Nation, February 8, 1993, Victor S. Navasky, review of Sound and Fury, pp. 168-169.
National Review, November 16, 1992, Terry Eastmand, review of Sound and Fury, p. 65.
New Republic, November 23, 1992, Paul Berman, review of Sound and Fury, pp. 43-45.
New York Times, March 16, 2003, Ted Widmer, review of What Liberal Media?; March 20, 2003, Orville Schell, review of What Liberal Media?
New York Times Book Review, October 4, 1992, Adam Platt, "Pounding the Pundits," p. 11; October 11, 1998, Mark A. Uhlig, "Vox Populi," p. 24; November 21, 1999, John D. Thomas, review of It Ain't No Sin to Be Glad You're Alive: The Promise of Bruce Springsteen, p. 75; October 10, 2004, Gary Hart, review of When Presidents Lie.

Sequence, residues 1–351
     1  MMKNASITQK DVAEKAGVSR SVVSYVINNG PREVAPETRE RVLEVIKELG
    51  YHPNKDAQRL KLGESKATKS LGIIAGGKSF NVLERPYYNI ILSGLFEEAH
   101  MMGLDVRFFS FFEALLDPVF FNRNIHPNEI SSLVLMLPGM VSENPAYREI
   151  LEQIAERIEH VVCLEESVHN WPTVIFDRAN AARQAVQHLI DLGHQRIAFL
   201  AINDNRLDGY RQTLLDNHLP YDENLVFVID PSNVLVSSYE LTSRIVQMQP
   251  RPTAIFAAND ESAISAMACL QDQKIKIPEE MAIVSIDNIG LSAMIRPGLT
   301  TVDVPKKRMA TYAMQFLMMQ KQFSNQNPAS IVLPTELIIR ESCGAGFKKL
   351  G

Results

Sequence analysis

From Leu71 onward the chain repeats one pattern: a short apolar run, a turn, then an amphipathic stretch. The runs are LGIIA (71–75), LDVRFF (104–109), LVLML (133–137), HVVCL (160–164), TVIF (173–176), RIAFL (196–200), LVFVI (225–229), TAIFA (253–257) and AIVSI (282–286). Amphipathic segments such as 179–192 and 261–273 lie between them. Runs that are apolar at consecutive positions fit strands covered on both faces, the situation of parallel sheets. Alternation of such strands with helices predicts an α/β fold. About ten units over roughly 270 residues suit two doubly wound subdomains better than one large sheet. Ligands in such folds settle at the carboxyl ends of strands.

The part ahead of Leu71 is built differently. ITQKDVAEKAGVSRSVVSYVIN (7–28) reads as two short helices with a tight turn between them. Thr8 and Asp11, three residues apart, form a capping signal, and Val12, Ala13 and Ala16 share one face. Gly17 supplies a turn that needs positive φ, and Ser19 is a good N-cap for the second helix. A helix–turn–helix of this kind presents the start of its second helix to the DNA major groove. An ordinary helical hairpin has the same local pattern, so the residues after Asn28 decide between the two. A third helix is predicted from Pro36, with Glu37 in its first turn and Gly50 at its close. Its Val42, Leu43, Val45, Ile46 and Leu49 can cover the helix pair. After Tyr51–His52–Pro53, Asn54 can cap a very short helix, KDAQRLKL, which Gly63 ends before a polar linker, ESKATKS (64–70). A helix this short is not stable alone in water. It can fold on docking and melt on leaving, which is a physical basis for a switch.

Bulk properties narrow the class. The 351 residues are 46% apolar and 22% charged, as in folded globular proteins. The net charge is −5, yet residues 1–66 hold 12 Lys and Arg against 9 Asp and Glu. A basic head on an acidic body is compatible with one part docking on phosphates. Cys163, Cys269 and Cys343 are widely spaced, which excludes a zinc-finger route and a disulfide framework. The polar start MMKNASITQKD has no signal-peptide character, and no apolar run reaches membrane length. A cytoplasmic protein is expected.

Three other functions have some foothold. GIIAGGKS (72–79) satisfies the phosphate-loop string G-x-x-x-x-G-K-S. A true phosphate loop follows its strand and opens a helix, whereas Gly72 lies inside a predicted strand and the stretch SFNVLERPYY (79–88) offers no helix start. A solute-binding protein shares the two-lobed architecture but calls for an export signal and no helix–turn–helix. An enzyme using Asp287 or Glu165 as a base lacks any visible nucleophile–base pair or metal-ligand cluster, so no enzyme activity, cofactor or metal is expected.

Public Interest, winter, 1993, Suzanne Garment, review of Sound and Fury, p. 108.
Publishers Weekly, September 21, 1992, review of Sound and Fury, p. 86; September 7, 1998, review of Who Speaks for America?, p. 76.
Tikkun, January-February, 1993, Jay Rosen, review of Sound and Fury, p. 63.
Time, November 29, 1999, David E. Thigpen, review of It Ain't No Sin to Be Glad You're Alive, p. 86.
Village Voice Literary Supplement, December, 1992, review of Sound and Fury, p. 7.
Vogue, November, 1992, Christopher Hitchens, review of Sound and Fury, p. 190.
Washington Monthly, March, 2003, Timothy Noah, review of What Liberal Media?, p. 53.
Washington Post Book Review, October 25, 1992, review of Sound and Fury, p. 6.